“Neither the USCP, nor the FBI, U.S. Secret Service, Metropolitan Police or our other law enforcement partners knew thousands of rioters were planning to attack the U.S. Capitol,” the agency added. “The known intelligence simply didn’t support that conclusion.”

Confusion led to delay of National Guard deployment

The report shows that confusion and a lack of understanding of bureaucratic procedures for approval led to the delay in National Guard support to the US Capitol on January 6.

The Capitol Police Board must submit a “written request for external assistance,” but, during emergencies, the House and Senate Sergeant at Arms “may authorize the request” for their chambers, according to the U.S. Code, but “none of the members of the Capitol Police Board appeared fully familiar with the process or requirements relating to emergency declarations,” the report stated.

Former USCP Chief of Police Steven Sund never submitted a “formal request” for National Guard support to all members of the Capitol Police Board, and he only had “informal conversations” with the SAAs of both chambers of Congress, according to the report.

“Even when under attack, the USCP Chief still needed an emergency declaration from the Capitol Police Board before requesting National Guard assistance,” the report states.

When Sund and former DC National Guard commanding general William Walker discussed potential DC National Guard support on January 3, Walker told Sund he could support the Capitol Police if needed but reminded Sund that Walker “would still have to seek approval from the Secretary of the Army and the Secretary of Defense because it was a federal request,” the report states.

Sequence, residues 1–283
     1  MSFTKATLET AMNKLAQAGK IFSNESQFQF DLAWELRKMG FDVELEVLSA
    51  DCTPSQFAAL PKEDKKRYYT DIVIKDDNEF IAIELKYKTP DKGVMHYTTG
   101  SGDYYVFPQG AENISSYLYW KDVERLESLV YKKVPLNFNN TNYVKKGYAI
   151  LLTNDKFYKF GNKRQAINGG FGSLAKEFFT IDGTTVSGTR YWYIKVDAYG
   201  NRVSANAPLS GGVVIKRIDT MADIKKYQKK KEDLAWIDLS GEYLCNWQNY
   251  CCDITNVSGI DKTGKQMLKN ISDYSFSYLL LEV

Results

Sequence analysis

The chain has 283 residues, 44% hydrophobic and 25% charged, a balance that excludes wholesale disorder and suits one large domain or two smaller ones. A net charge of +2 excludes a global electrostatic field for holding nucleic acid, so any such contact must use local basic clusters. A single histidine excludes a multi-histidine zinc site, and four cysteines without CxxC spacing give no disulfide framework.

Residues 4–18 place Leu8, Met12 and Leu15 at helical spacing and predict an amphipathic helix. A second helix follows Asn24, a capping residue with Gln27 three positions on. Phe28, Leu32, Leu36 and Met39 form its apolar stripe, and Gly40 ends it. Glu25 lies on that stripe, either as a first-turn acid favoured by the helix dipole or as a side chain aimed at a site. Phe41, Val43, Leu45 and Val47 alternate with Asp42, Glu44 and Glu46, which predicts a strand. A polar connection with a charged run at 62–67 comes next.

While there has been public criticism that it took the National Guard too long to get to the US Capitol on January 6 and help fend off the mob, testimony from former Secretary of the Army Ryan McCarthy, Army Chief of Staff Gen. James McConville and former acting Secretary of Defense Chris Miller states that this perception might be due to a simple misunderstanding of how the military works.

Miller approved the request for DC National Guard support at 3:04 p.m. on January 6. DC National Guard deployed from the armory shortly after 5:00 p.m. Miller attributed criticism around how long it took DC National Guard troops to reach the Capitol to “either hyper-politicization of the situation or an ignorance of how military operations work.”

Miller, McConville and McCarthy all stressed in testimony that they were on board with sending DC National Guard troops to support US Capitol Police when the request for assistance came on January 6, but a mission plan needed to be developed and communicated to DC National Guard troops before they could be deployed.

“I’ve been in a few riots and just having people show up without a plan and without mission intent, and having understanding of what is happening on the ground — you can just run to the sound of the gunfire, but usually it just doesn’t work. It’s not effective,” Miller said in testimony included in the report.

CNN’s Manu Raju, Lauren Fox and Marshall Cohen contributed to this report.